The Flip Side

July 28, 2016
Reading Time: about 5 minutes

In my two summers of college, I’ve experienced both sides of the company culture spectrum - IdentityMind Global - a small, <50 employee start up and Teradata - a 37 year old company with over 11,000 employees. Every few days, new differences emerge as I gain perspective on how each teaches a unique style of development.

The Startup Side - IdentityMind Global

IdentityMind Global Tagline

IdentityMind Global is a company specializing in antifraud and antitheft for banks. I worked at the Palo Alto office where you could walk and visit every department from marketing to engineering in about 7 seconds. Marketing and design were on one side with Engineering on the other. I sat beside another intern, Jeremy, with our boss right behind me and the Chief Architect behind him. Behind those two were four more people, and that was all of engineering. Everyone worked on the same repository, since the only project was also the entire product.

Overall, working at a start-up in Palo Alto was a great experience. Wake up around 7, drive to Caltrain, get off on University Avenue, and walk 5 minutes to work. I’d stay until 5 or so then head home. If anything, that summer taught me the challenges of working on other peoples’ code, a foreign project where you have a pinhole to look through and somehow piece together bugfixes and new features. On one hand, help was willingly given by those who were free. On the other, people rarely were. Accessing code or documentation was trivial, and I gained a strong overview of how each branch worked together to find clients and provide a strong end product. Marketing and Engineering would often get lunch together and every friday everyone in the branch would gather into one room, eat together, and joke around. We were surrounded by brilliant people, all working toward the same goal.

Meanwhile, one of the marketing interns told me about his experience at another start up:

If you got up before 6, people looked at you like you were crazy Although I didn’t quite experience the same pressures, the back and forth between wanting to complete as much work as possible and finding time to relax at home were undeniable. Never before did I realize that my own passion towards wanting to complete building something could someday compete against my desire to relax and find something else… coding was the relaxation.

The Corporate Side - Teradata

Teradata was another world altogether. To start off, there was an established intern program that designated events and projects for the entire summer, we needed guest passes on the first day to gain access, and all you could see on each floor was cubicles and the occasional data visualization of airplanes.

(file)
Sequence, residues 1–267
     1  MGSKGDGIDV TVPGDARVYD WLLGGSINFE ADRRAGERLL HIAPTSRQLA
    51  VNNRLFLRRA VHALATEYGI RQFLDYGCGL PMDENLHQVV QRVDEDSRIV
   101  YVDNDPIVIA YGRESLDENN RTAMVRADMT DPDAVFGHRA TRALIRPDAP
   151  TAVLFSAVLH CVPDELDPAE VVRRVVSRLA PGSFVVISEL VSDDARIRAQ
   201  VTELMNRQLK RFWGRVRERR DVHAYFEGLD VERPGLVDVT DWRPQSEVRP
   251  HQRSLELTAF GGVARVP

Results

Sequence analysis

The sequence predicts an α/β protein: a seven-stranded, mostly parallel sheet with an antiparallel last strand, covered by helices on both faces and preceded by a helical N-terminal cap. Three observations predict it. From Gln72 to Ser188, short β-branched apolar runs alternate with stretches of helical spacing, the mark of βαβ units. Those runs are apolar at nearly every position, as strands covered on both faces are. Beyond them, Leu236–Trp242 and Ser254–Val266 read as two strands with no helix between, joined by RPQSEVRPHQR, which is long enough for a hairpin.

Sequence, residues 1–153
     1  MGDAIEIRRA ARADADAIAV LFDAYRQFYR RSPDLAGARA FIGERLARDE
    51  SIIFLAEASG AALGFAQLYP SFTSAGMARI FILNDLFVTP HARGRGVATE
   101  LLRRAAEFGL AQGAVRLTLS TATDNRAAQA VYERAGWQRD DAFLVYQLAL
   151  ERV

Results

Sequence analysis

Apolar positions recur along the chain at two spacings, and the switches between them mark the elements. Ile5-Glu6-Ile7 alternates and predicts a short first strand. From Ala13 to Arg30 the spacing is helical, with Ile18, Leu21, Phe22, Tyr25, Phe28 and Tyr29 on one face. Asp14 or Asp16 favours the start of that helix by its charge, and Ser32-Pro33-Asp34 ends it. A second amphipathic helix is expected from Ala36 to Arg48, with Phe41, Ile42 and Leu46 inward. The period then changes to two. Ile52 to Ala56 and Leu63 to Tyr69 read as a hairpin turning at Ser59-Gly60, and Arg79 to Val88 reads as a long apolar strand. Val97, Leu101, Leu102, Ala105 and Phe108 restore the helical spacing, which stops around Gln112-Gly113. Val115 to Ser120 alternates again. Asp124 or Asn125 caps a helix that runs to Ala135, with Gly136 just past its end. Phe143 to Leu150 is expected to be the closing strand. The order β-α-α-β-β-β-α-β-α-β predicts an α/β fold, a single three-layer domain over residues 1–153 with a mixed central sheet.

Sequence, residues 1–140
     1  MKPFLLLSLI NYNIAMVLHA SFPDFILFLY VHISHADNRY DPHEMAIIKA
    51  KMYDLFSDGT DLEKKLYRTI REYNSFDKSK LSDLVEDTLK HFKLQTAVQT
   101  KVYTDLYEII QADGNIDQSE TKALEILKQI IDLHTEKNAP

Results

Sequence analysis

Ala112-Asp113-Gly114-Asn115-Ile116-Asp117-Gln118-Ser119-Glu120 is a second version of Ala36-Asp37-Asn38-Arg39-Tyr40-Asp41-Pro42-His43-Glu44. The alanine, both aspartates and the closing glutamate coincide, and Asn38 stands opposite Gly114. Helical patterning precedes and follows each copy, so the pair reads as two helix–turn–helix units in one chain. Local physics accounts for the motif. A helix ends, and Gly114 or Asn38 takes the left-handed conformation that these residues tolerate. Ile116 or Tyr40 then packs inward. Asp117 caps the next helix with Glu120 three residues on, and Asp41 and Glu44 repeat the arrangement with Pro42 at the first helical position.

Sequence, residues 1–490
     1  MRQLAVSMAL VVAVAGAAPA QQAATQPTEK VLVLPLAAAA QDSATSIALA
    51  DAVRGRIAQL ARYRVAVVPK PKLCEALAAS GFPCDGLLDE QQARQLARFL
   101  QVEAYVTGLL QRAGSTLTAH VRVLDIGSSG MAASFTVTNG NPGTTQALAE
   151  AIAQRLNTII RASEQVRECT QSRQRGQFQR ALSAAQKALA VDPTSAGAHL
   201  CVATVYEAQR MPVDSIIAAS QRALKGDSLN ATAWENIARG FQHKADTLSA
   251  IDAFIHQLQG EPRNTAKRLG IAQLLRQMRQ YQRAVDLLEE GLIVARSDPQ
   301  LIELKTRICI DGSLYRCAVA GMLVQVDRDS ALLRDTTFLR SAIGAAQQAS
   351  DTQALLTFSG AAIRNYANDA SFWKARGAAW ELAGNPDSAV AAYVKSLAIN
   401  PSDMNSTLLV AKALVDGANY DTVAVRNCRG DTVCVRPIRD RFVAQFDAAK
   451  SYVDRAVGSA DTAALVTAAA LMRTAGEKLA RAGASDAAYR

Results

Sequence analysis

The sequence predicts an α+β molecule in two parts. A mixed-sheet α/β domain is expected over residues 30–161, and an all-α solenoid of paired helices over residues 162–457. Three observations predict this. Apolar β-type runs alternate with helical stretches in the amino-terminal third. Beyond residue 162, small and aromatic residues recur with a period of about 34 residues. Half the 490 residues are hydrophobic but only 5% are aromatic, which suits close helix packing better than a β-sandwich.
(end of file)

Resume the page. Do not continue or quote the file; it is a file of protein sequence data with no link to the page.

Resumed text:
The program provided mentors as well as managers available for help on projects, who were also receptive to feedback. Several weeks ago, I expressed interest in working on Docker, a wish that was granted the week after. With many projects that all came together for various products, understanding the big picture was no longer obvious, as I took several days to understand the full scope of my team’s influence. More enterprise level programs were integrated together and resources were readily available.

At the same time, meetings potentially took weeks to set up, as I couldn’t simply walk a few feet over. Gaining access was a hassle as I had to sign multiple forms and wait for another department to update my status in their system and finally grant me control.

For lunch, you could go to the cafeteria, drive around, or walk to a nearby sandwich shop (Summer’s Deli - I highly recommend), which was a drastic change from having the vast variety of restaurants on University Avenue, Palo Alto. Sometimes multiple interns from other floors and teams would meet up and socialize. This part was honestly the most similar aspect between start up and corporate culture which surprised me. I guess people of the same age category enjoy roughly similar lifestyles and have almost identical priorities no matter the size of the company.

All in all, I was surprised by how similar the internships were and how much more I learned talking to mentors as opposed to focusing on documentation, which brings me to the most important point: learning from other peoples’ experiences is thus far, the most important thing an intern can do.

Network, network, network

Interns believe the most value aspect of their internship is the experience gained from working on complex problems, but Gary points out something different. When job searching, connections are invaluable and speak volumes louder than the difference in experience, abstracted into 3 lines on a resume. Moreover, networking allows you to gain perspective without the burden of taking time and experiencing everything.

This summer, I took networking to heart in hopes of learning about different peoples’ career paths, and its been highly rewarding. Some long term employees felt Agile/Scrum increased the necessity of performing, as it created a means to quantify skill. Others found outlets to find new hobbies through programs provided by the company. Recent college graduates expressed the excitement of working toward a hackathon winning patent against architects and senior developers with only a mere 2 years in the workforce. Networking is one of the few means of gaining the wisdom of experience without experience.